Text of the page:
Swift County hears space, building needs report
BENSON -- A nine-month-long examination of Swift County's existing government buildings and the current and future needs of the county has resulted in a long list of potential projects that could cost as much as $24 million in the next couple dec...
BENSON - A nine-month-long examination of Swift County’s existing government buildings and the current and future needs of the county has resulted in a long list of potential projects that could cost as much as $24 million in the next couple decades.
Proposed projects touch every department and building, including the courthouse, human services, public health, the jail, highway department county attorney, environmental services and historical society.
Not all of the projects outlined in a report Tuesday to the Swift County Board of Commissioners will be done - or if they are, they will be spread out over a 10- to 20-year period - but the commissioners agreed to start putting together a plan for how to time renovations, infrastructure improvements and shuffling of offices and employees in order the best utilize space and provide service to residents. The county’s 1897 courthouse was the starting point of the space study.
There isn’t enough space in the historic structure to meet needs, said Joel Dunning, an architect with Wold Architects and Engineers of St. Paul.
And because the “footprint is fixed,” he proposed that some programs and employees be moved out of the courthouse to other county buildings.
Some of the high-priority projects at the courthouse, including the heating and ventilation system and remodeling the courtroom space to improve security for judges, juries and the public, are on the short list that could be completed within the next two years.
Dunning presented two options for remodeling the courtroom area. The first option includes installing an elevator to the third floor and changing the traffic flow to keep juries, judges and inmates coming from the jail out of the public corridors. The proposal also includes creating one large courtroom to accommodate a 14-person jury and a small courtroom without a jury box.
A second option would include minor courtroom renovations and would separate some courtroom staff from the public but would not resolve all of the security concerns.
County Administrator Mike Pogge-Weaver said there have been multiple “band-aid fixes” to the courtroom floor to address security. He said the judges have been “very patient” and predicted they would prefer the first option.
Projects that consultants from Wold recommended completing in the next two years - including renovations at the courthouse, public health and human services - totaled nearly $6 million.
They also presented a two- to five-year to-do list of $4.5 million in projects, including the jail, highway department and county attorney’s office.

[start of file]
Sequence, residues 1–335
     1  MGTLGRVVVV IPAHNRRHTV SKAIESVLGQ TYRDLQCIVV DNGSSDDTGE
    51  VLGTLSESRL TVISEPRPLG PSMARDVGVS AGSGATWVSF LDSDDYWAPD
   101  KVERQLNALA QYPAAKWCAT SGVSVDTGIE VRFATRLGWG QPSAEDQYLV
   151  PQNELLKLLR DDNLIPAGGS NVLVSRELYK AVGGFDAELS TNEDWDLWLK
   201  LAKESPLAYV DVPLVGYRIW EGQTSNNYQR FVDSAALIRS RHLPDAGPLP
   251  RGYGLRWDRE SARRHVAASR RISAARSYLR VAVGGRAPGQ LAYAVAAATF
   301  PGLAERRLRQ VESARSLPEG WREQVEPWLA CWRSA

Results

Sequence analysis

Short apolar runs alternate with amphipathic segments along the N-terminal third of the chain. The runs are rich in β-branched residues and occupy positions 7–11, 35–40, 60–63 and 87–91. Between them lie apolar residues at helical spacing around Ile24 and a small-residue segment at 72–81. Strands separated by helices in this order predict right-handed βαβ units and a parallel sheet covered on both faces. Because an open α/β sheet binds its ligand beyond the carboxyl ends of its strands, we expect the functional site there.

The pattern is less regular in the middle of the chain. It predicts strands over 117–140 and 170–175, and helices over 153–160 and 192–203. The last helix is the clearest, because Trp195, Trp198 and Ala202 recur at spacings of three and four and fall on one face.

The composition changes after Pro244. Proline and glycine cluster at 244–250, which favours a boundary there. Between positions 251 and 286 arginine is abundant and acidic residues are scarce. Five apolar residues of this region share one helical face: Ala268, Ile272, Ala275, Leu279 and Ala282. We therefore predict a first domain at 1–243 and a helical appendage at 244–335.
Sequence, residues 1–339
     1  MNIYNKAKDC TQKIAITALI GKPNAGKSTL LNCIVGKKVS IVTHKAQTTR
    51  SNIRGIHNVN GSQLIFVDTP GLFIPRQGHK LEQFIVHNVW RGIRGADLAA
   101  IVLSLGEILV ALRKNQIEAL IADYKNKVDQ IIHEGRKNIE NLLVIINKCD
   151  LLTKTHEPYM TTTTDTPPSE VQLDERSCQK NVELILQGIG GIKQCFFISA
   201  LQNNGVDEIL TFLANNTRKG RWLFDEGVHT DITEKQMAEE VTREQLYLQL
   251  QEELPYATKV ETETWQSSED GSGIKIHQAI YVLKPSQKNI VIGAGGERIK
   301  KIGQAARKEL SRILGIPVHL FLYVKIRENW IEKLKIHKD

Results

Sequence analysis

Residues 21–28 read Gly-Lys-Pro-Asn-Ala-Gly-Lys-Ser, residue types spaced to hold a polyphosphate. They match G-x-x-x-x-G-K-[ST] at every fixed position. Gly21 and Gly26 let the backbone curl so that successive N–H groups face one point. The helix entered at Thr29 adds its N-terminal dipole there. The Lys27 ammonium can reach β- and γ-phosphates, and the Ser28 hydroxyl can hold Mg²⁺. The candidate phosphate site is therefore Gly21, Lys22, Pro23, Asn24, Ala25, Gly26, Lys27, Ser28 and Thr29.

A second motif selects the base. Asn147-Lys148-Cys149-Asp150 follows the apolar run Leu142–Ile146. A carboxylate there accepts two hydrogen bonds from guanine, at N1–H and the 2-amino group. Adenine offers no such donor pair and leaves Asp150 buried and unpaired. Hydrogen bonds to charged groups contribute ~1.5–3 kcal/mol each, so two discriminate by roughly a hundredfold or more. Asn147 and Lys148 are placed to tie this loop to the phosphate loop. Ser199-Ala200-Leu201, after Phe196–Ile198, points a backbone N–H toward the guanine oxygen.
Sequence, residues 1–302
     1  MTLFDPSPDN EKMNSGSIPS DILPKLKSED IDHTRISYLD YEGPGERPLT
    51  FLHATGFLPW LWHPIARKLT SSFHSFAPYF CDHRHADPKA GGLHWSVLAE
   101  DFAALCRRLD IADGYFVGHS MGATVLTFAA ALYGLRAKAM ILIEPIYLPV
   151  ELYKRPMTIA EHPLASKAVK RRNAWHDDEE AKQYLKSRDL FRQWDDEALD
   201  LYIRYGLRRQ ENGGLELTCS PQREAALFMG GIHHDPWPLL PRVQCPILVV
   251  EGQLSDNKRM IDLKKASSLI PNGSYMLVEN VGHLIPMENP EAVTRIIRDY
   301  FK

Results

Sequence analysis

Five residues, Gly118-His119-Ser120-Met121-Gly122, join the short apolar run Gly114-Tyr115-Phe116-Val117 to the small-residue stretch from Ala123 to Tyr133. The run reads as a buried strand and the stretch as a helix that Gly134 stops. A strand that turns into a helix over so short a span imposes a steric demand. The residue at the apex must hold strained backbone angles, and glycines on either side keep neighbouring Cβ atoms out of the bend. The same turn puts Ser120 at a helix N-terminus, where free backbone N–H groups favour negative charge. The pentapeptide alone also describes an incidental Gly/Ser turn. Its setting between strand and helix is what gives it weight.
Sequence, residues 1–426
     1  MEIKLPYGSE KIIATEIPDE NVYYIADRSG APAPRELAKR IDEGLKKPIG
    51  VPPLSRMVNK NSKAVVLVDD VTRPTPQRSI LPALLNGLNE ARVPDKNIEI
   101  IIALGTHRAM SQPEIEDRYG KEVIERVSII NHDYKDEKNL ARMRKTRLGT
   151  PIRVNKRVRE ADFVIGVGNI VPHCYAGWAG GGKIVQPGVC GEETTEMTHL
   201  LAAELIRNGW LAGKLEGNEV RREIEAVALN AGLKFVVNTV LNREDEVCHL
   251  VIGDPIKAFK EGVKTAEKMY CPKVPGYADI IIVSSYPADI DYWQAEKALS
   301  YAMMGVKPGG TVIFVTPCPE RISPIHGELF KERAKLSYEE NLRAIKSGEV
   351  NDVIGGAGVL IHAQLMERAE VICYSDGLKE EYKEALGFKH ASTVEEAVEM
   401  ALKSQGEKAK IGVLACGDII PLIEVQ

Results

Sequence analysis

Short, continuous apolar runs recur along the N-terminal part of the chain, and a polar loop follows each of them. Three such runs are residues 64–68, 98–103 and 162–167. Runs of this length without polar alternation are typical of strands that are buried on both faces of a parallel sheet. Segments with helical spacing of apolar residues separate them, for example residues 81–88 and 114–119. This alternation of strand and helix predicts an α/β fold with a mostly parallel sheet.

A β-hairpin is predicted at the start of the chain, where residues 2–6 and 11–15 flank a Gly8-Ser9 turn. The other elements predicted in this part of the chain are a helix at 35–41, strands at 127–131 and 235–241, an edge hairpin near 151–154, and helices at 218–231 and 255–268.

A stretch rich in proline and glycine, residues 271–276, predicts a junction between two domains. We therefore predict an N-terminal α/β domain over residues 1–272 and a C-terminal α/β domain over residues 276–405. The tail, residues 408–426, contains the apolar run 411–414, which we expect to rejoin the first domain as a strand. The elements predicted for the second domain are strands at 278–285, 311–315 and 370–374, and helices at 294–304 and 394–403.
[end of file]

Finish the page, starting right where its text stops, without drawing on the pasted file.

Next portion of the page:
They presented long-term and short-term options for addressing issues with the law enforcement center and jail.
The short-term plan includes creating some new office space and a separate bathroom for inmates to provide urine samples. Currently, that’s done in the public bathroom.
The county’s existing jail is too small and the county currently sends prisoners to other county jails for a fee.
For the long term, it was proposed the county consider either working with another county to build a stand-alone, 50-bed jail that would meet the needs of both counties or keep the current facility, downgrade it to a 72-hour hold facility and then rent jail space for all prisoners.
Housing prisoners in its own jail costs the county about $185 a day per prisoner. Pogge-Weaver said it costs $50 a day to lease jail space, but with added costs to transport prisoners and pay for health care, the actual fee is about $100 a day.
Pogge-Weaver said financially it makes sense to send prisoners out of the county, but he said politically it may not be viewed favorably. He said the community wants to have its own jail.
Commissioner Gary Hendrickx said the county will eventually “need to have that conversation” about the future of the jail.
The commissioners directed Pogge-Weaver to look at all the projects on the zero- to five-year list and provide a plan in the next couple months on how to piece together a master plan.
Pogge-Weaver said he expects the heating, ventilation and air conditioning system in the courthouse will be the first project to be tackled.
The third phase of the facilities plan, which could stretch out 10 to 20 years, ranges from $4.6 million to $13.2 million in cost. Dunning said those rough cost estimates are based on today’s dollars and do not account for inflation.
The commissioners on Tuesday also heard a report from Kurt Waldbillig, CEO of the Swift County-Benson Hospital, about a $12.5 million senior living facility and $5.8 million hospital renovation project that is being pursued.